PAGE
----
Naval Auxiiai

Lacking $412.56 of the $25,000 quota; Commit
the University student friendship war
fund suspended its aggressive cam-
paign for funds last night.
Proceeds from the "returns" mass
meeting in Hill auditorium yesterday Washi
afternoon brought $26.90 to swell the of all ra
fund. About 400 students and faculty one cen
were present to get the returns of the owhersh
Northwestern-Michigan game. -
Subscriptions Total $24,587.44 ual inte
"The total contributions of the Uni- railroad
versity to the war fund," said Mr. N. once. C
C. Fetter, secretary of the executive be mass
committee, "is $24,587.44. It is a imum of
rather slow ending for a campaign that
augured so much in the beginning. This
We intend to keep the accounts open announc
for several days to get the straggling conferer
amounts that will be turned in. I war boa
have not yet given up hope that we which m
will be able through the public-spirit- whi i
edness of some folks to finish the the frei
quota." lyzed ti
Women Raise More Than Quota was adc
Women in the University raised more means
than $6,000 as their share. hstr
Reports will be issued from time to has thrE
time to give the status of the fund. patch a]

Students Can Enroll at Cleveland; Al.
lowed To Finish Present
Semester's Work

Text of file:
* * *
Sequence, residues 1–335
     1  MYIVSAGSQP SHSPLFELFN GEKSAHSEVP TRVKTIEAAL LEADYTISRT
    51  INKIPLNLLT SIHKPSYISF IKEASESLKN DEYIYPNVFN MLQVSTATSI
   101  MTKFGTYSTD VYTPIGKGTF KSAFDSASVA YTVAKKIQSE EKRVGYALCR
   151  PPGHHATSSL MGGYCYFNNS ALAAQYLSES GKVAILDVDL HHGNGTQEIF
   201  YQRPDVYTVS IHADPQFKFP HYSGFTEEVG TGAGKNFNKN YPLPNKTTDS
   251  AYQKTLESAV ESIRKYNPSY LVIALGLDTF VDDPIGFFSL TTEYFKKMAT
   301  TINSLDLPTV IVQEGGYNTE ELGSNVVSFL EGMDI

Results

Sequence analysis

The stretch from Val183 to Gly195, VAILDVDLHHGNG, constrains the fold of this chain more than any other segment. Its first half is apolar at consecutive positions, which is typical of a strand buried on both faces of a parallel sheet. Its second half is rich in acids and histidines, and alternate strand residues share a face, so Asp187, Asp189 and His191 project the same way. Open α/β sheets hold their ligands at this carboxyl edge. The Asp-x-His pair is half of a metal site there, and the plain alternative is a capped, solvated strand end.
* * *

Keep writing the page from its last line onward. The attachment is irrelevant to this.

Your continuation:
ington, No
ilway line
atralized s
hip or of t
erests was
war boa
Cars and ti
ed in one



Although there was but little hard
coal available yesterday at the yards
of local dealers, no one in Ann Arbor
was suffering from the lack of sufficient
fuel. Several dealers reported that
they expected shipments Monday, but
that they- had no soft, hard, or Poca-
hontas for sale.
Coal Selling For $10.25 per Ton


Three carloads of stove coal have
een sent the city by State Fuel Ad-
in-istrator Prudden of Lansing, and
rders are being filled by the police
epartment, which has charge of the
istribution. Coal from the city yards
lay be purchased for $10.25 .per ton.
150 Tons Ready For Sale
Nearly 150 tons are at present ready
r sale, and two carloads are expected
"We have heard no reports that there
any suffering in the city for want
f fuel," said Sergt. T. O'Brien of the